One of the advantages of Bitcoin is in micropayments. It’s very convenient to send small amount of funds to others at nearly zero cost. So much so that the funds that you are sending itself could be near to zero. The same couldn’t be done with other electronic payment systems, say; Paypal. Because the transaction fees for PayPal would be too high to run a profitable micropayment system.
The Cointelegraph has done an interesting reward system for its website. They have taken advantage of Bitcoin’s superiority in micropayments, combined it with Twitter’s capability to reach wider audience and came up with a reward system for its users to share their content on Twitter and get paid *tiny* amounts for each retweets.
With today’s price of Bitcoin, TC is basically paying you $0.000002 for every retweet your friends retweet your tweet. That means you tweet TC’s content on your twitter account, and if someone retweets that tweet of yours, you will get paid $0.000002. Continue reading →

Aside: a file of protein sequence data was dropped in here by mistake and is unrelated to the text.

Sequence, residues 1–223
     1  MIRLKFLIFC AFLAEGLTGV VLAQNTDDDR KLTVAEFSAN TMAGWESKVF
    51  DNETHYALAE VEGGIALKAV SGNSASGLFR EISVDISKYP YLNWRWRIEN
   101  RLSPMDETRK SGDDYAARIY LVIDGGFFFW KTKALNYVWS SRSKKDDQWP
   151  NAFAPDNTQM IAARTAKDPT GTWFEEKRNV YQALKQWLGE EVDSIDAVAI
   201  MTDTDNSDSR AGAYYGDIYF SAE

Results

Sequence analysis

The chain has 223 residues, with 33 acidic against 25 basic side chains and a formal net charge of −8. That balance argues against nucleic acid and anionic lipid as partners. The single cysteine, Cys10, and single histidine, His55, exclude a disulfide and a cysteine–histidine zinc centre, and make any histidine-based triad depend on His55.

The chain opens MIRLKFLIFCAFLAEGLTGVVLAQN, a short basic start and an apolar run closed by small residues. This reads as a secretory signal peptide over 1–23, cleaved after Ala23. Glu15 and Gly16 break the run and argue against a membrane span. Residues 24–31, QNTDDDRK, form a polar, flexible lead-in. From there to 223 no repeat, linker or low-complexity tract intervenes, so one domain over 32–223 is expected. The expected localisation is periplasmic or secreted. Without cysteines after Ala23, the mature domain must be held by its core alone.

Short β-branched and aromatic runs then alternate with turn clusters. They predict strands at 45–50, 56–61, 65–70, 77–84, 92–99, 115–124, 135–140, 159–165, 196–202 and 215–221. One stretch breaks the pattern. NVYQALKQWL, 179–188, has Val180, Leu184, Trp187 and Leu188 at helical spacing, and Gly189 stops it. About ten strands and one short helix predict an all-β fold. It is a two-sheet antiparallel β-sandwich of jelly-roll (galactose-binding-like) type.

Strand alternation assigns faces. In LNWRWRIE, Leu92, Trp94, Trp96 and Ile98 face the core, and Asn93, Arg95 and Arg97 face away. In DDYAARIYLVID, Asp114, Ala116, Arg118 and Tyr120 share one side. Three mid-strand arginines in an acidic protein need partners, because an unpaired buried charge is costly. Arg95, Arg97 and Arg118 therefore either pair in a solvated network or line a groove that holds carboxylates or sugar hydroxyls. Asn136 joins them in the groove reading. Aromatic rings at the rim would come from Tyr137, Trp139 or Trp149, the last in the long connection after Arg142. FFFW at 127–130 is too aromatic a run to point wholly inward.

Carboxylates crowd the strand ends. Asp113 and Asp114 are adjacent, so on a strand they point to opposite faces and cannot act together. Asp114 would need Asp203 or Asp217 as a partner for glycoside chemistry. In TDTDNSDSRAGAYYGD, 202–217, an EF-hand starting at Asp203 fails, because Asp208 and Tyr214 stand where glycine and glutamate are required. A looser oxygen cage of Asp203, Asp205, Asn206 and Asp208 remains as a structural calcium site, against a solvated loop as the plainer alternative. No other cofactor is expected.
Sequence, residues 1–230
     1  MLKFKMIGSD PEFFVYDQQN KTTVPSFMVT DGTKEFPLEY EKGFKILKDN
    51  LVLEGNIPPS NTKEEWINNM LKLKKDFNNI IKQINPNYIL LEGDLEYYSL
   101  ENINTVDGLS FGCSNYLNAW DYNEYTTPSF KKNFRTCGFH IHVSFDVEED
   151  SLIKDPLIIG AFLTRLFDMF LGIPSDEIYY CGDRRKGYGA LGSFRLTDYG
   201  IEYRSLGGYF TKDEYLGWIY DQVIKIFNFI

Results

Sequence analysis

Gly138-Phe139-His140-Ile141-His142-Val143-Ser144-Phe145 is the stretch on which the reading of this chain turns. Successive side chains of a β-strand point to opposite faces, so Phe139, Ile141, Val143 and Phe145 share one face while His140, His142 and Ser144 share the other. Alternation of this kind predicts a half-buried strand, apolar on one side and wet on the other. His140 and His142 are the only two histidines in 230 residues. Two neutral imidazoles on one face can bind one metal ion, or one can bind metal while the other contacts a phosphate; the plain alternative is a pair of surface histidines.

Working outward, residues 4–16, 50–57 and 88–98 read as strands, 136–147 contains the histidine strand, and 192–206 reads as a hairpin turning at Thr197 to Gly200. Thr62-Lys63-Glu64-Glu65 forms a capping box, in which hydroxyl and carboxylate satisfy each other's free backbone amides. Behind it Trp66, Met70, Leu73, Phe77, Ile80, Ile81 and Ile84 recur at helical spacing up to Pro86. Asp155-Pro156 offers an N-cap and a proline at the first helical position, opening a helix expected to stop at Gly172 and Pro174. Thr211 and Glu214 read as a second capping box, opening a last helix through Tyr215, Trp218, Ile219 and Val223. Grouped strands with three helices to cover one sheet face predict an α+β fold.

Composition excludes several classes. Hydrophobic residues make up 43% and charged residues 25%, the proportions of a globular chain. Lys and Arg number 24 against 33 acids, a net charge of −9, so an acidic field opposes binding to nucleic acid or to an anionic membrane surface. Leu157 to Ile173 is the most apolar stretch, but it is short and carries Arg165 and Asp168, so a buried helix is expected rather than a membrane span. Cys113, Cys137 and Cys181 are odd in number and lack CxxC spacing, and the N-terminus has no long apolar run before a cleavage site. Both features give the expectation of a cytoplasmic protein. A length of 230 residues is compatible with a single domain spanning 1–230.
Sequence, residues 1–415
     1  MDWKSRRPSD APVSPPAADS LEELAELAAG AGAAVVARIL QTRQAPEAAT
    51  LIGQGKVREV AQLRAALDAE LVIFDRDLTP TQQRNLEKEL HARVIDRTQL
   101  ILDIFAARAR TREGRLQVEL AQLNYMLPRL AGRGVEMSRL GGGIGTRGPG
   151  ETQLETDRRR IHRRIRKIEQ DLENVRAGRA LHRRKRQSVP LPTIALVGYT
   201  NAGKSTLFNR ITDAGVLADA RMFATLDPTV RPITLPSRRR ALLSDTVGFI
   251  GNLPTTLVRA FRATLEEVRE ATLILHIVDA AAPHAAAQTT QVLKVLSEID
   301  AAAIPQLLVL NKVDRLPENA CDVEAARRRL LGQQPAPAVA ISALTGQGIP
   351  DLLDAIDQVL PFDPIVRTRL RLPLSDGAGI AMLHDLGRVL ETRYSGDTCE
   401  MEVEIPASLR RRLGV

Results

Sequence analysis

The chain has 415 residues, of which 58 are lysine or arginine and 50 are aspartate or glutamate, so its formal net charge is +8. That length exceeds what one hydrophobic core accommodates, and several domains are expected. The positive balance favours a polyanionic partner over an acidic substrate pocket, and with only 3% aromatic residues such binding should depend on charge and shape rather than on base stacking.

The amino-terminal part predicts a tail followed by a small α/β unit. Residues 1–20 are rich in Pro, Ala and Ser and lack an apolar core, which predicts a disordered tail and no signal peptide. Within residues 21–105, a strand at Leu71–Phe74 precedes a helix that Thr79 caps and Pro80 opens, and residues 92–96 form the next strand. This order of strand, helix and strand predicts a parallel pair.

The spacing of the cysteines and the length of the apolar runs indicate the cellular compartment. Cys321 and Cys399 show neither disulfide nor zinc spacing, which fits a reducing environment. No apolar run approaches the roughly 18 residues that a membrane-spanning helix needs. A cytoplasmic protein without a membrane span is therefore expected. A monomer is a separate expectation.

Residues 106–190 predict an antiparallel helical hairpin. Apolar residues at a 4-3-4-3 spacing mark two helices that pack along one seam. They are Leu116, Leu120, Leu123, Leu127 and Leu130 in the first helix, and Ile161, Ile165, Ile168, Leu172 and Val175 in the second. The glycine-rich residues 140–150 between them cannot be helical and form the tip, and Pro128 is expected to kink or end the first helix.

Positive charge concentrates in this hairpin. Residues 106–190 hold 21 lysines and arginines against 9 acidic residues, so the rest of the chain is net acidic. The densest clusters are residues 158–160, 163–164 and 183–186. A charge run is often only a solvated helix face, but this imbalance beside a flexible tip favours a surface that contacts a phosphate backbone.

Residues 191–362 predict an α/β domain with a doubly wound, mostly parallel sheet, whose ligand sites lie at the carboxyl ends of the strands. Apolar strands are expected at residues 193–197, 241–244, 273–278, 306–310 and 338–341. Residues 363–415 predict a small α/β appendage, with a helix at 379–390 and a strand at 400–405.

My Rating: 6/10How Google Works – Quite boring book to read to say the least. It’s written from 3rd person perspective too – referring to Eric Schmidt – “he did this and he did that..” which was kind of strange for me, since the book was supposedly written by Eric Schmidt himself (& Jonathan. Couldn’t they just write different chapters on their own?). It’s a very general book too, nothing special. It talks a lot about hiring “smart creatives”, so I think that could be the central theme of this book, everything else was just common sense stuff.
Smart creatives – are impatient, outspoken risk-takers who are easily bored and change jobs frequently. They are intellectually versatile, typically combining technical depth with business savvy and creative flair.
This is, by far, one of the “nicest to have” (in other words – pretty useless) devices for your startup. It’s a physical device. Pretty portable. It can be connected to your Social Sites accounts and will display how many followers you have on Facebook, Twitter and Instagram. It’s a real-time counter too. This is what we call online-to-offline connection
Setup is easy as well, it just needs power plug and wifi connection. Get yourself one at http://www.smiirl.com (not cheap).